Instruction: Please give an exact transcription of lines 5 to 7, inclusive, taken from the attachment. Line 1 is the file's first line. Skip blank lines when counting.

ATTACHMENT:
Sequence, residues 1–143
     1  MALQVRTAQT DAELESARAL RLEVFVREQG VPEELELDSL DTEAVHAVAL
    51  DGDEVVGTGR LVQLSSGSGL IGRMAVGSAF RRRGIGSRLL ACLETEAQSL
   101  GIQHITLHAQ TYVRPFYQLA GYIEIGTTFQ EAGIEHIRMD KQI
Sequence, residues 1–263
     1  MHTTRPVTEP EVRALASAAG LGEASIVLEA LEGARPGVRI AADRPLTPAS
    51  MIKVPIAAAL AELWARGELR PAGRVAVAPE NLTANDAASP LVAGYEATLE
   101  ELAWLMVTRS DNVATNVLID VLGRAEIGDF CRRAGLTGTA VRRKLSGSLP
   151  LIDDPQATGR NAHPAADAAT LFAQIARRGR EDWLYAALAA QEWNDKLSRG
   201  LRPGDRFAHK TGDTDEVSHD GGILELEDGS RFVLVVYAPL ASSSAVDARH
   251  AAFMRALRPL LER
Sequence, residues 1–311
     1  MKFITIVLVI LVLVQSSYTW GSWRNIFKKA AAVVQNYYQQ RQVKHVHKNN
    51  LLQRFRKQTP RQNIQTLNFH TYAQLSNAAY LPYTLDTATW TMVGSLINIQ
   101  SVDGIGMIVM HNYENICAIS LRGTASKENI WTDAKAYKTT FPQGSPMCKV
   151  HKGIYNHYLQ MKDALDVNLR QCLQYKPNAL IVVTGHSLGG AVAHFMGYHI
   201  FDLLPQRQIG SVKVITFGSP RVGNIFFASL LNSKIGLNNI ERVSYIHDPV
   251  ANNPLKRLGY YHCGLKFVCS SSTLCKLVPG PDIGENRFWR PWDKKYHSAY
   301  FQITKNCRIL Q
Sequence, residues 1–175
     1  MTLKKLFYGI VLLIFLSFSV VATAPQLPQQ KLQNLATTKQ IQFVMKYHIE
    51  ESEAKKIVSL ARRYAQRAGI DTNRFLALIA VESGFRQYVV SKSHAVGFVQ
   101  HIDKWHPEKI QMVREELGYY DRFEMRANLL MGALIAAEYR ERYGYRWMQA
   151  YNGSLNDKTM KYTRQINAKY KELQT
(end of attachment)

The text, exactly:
Sequence, residues 1–263
     1  MHTTRPVTEP EVRALASAAG LGEASIVLEA LEGARPGVRI AADRPLTPAS
    51  MIKVPIAAAL AELWARGELR PAGRVAVAPE NLTANDAASP LVAGYEATLE